One of the toughest parts about living in a new city, especially if you are in a different country, is understanding the various transportation systems. Not only can maps be in a different language, but you may be unaware about what are the most cost effective and efficient options to get you from point A to point B. It is for this reason why I wanted to write a blog to provide new teachers, and those scheduled to begin teaching in Korea in the near future, the ultimate transportation guide to make their first days and weeks a little easier. In my blog I will talk about all the modes of transportation in Korea, including everything from taking a train to utilizing Kakao T.Read More
Teachers Share their Experiences While Living Abroad!
Making the move from your home country to Korea is a big deal. You will love your time here and grow to embrace the Korean culture. To make your time even better, check out my 3 tips that you should know to make your transition a lot smoother as you begin your time teaching in Korea.Read More
Korea’s public transportation system is one of the best in the world. They have made it so quick, easy, and accessible that it is almost too helpful. Having gone from an area in the U.S. where there is little to no public transportation, it was a culture shock that I soon fell in love with. I absolutely hate driving, and public transportation system is one of the many reasons I love Korea and have stayed here so long. In order to help new people who are teaching in Korea, I will go into detail of how to use the public transportation system.Read More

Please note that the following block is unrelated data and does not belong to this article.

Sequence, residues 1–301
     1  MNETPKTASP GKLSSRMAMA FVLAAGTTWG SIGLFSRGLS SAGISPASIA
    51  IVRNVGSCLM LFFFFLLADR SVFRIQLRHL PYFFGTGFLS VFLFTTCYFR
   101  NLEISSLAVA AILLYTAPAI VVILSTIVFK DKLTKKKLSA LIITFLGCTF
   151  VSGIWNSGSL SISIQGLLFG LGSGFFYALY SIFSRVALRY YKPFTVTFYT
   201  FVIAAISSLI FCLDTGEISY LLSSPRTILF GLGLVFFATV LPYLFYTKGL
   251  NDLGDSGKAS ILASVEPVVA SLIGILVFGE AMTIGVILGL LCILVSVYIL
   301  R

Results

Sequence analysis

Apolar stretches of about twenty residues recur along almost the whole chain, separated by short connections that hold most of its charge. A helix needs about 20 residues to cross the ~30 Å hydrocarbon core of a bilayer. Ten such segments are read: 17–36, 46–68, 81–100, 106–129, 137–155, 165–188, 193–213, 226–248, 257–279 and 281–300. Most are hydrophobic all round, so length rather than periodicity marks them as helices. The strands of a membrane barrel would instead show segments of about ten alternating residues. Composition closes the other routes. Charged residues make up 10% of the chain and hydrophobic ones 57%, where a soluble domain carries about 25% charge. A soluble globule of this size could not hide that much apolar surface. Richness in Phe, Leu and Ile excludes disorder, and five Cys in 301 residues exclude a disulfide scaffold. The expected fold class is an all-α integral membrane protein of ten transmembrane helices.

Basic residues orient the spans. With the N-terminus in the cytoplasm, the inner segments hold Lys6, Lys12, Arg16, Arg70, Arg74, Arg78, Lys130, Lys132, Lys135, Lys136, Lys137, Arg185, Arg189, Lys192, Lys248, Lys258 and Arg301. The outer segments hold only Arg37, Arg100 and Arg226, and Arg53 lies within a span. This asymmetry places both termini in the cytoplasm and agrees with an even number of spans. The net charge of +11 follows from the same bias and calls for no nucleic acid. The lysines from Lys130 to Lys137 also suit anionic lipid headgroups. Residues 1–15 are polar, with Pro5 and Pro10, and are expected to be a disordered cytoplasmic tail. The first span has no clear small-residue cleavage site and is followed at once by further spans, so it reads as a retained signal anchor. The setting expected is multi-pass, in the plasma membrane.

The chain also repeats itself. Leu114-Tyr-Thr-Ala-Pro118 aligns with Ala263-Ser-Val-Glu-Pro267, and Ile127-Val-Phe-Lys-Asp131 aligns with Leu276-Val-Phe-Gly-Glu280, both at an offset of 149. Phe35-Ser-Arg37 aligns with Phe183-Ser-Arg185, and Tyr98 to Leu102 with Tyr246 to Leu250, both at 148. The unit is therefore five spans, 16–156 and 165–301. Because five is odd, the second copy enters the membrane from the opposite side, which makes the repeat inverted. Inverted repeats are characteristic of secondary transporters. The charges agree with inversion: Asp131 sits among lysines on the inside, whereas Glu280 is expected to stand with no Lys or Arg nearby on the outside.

The mobile industry is huge in Korea! Almost everyone has a smartphone and uses their device for communication, entertainment, navigation, education shopping and saving. Since living in Korea I have downloaded so many helpful apps that the whole population uses on a daily basis. Here are some of the apps I would recommend downloading and using if you are living or planning on moving to Korea.Read More
Living in the ‘burbs north of Boston for my entire life until college, public transportation was a foreign concept to me. If you did not have a car then you were condemned to a dark existence of bumming rides off your friends, (which unfortunately many of my own friends had no qualms about), or just accepting the fact that you would be stranded without any social options. So obviously, living in South Korea was a bit of an adjustment in terms of getting from Point A to Point B (or I guess Pointㅏto Point ㅂ?) But without a doubt the excellent public transportation is one of this country’s most redeeming qualities. Allow me to give you a quick run-down of your various options and a few pieces of advice.